Recognized by Unesco as a World Heritage Site, Italy’s Matera enchants with passageways and courtyards, walls and towers, warehouses and cellars, cisterns and houses—all carved out of soft limestone. Corte San Pietro hotel occupies one of these dwellings.
As the architect Daniela Amoroso stood before the task of turning an abandoned collection of caves into a contemporary hotel, she must have asked herself: what could possibly give justice to the incredible ancient heritage of Matera?
The answer lies in the respect she paid to the organic architecture of the caves. Amoroso stripped the stone to its bare fabric, removing superfluous layers of plaster and pavements. The pure spaces were then discreetly enhanced with vintage furniture and warm materials: wood, linen—and steel, in one more nod to the local traditions.
Corte San Pietro is only five rooms and suites with a reception hall and a breakfast room all arranged around a central courtyard. Each room is unique with timeworn furnishings. Old benches, chairs, frames or doors get a second life at Corte San Pietro, becoming shelves or tables, or even towel holders. Tree logs are used as bedside tables or stools.
The simple décor compliments the soft stone and is deliberately kept in a monochromatic palette. Rural and minimalistic, ancient but modern—the ascetic style of Corte San Pietro creates thoroughly contemporary spaces, with modern technology ubiquitous, but fittingly invisible.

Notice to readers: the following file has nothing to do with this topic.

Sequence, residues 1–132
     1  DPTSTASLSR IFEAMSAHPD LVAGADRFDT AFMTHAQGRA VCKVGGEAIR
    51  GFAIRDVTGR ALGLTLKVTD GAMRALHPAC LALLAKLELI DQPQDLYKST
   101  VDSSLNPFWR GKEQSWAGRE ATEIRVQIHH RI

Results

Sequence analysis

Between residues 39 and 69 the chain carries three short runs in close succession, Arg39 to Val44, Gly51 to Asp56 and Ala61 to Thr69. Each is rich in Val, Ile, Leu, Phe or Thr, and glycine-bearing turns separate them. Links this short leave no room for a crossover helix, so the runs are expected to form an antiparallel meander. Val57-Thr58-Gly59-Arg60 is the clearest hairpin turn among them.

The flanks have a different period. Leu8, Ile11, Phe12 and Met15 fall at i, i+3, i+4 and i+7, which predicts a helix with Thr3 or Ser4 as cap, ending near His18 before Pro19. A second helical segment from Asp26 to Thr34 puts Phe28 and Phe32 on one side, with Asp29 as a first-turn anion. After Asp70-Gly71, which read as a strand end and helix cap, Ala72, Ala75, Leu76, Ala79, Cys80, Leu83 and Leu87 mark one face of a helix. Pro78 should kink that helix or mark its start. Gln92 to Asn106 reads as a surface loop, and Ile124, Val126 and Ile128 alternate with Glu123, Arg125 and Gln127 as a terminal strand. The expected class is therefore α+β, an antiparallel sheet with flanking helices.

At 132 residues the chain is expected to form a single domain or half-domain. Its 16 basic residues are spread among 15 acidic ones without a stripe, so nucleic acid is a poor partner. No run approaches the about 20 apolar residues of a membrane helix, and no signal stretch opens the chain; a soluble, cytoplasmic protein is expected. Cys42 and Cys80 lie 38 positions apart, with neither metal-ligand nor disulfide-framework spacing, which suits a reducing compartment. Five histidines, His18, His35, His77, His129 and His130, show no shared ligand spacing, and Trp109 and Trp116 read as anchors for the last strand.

“[…] We have traveled the world and have made many friends. Our dream was to host them in Matera, our home. Just few at a time. We wanted to create guest rooms which evoke Man’s history.”—Fernando and Marisa Ponte
The Corte San Pietro is a conversion and restoration project—but the architect has been just as much focused on excavating the original, organic curves of the cave dwellings.
The stone ceilings and walls, wrapping around natural columns and niches are true to the prehistoric legacy—the legacy of time that began sculpting the caves of Matera long before humans walked the earth.
Find out more on the Corte San Pietro website.
Photos © PierMario Ruggeri